Austrian Anarchy writes: Glenn Reynolds has the story on the current state of food desert affairs: "VIDEO: A Driving Tour of a West Knoxville “Food Desert.” UPDATE: You know, this kind of verification (or de-verification) of what the government tells us — what the spy satellite guys call “ground truthing” — could be interesting in all sorts of fields." The video he mentions shows the USDA food desert map, with a zoom to a Google map of the same spots, followed by in-car drive-by video of numerous grocers (including Trader Joe's and Target) throughout a "food desert" in a prosperous area of town.
Austrian Anarchy writes: The US government has been enforcing an RF "Quiet Zone" in West Virginia for over 50 years. From NPR: There are no physical signs you've entered the National Radio Quiet Zone, a 13,000-square-mile area that covers the eastern half of West Virginia. But the silence gives you a signal. Somewhere around the Virginia-West Virginia state line, the periodic buzzes and pings of our smartphones stopped.
Austrian Anarchy writes: Via Reason and Wired: Mike Caldwell ran a business called Casascius that printed physical tokens with a bitcoin digital key on it, key hidden behind a tamper proof strip. He's charge you $50 worth of bitcoin to print a key of a bitcoin you sent him via computer on this token. Cool stuff--a good friend of mine found one sitting unnoticed in her tip jar from an event at which she sold her artisan lamps from 2011 and was naturally delighted given the nearly 1000x increase in value of a bitcoin since then.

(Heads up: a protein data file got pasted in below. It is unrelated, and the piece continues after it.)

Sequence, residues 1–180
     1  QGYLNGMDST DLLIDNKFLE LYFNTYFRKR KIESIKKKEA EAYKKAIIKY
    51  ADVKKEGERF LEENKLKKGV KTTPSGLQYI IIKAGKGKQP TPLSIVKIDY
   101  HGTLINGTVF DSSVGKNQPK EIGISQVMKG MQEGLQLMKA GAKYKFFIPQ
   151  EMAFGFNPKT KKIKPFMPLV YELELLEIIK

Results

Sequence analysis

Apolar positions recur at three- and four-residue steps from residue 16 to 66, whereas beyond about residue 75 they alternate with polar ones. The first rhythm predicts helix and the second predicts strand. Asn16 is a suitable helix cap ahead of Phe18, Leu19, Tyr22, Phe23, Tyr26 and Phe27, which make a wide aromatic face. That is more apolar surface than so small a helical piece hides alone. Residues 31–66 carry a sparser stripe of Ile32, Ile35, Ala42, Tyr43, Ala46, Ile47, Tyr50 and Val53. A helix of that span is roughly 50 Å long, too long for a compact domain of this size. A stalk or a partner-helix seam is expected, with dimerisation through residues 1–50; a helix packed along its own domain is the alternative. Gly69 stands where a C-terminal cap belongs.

So, you're making something fun, useful, interesting, harmless---naturally the federal government is very concerned and wants to hobble you.
Just before Thanksgiving, [Caldwell] received a letter from the Financial Crimes Enforcement Network, or FINCEN, the arm of the Treasury Department that dictates how the nation’s anti-money-laundering and financial crime regulations are interpreted. According to FINCEN, Caldwell needs to rethink his business. “They considered my activity to be money transmitting,” Caldwell says. And if you want to transmit money, you must first jump through a lot of state and federal regulatory hoops Caldwell hasn’t jumped through.
Austrian Anarchy writes: The October, 2013 edition of Reason Magazine reports:"The ZXX font is designed to be difficult for machines to read. Former National Security Agency contractor Sang Mun created the font as a response to increasing government incursions on privacy. “I have become dedicated to researching ways to ‘articulate our unfreedom’ and to continue the evolution of my own thinking about censorship, surveillance, and a free society,” he explained after releasing the font online in June." The article is missing a link to the project page.
Austrian Anarchy writes: NBC Reports that "For 15 years, scientists have benefited from data gleaned by U.S. classified satellites of natural fireball events in Earth's atmosphere — but no longer.
A recent U.S. military policy decision now explicitly states that observations by hush-hush government spacecraft of incoming bolides and fireballs are classified secret and are not to be released, SPACE.com has learned.
The satellites' main objectives include detecting nuclear bomb tests, and their characterizations of asteroids and lesser meteoroids as they crash through the atmosphere has been a byproduct data bonanza for scientists.
The upshot: Space rocks that explode in the atmosphere are now classified." Not exactly "Scoop," at least not that they are admitting yet.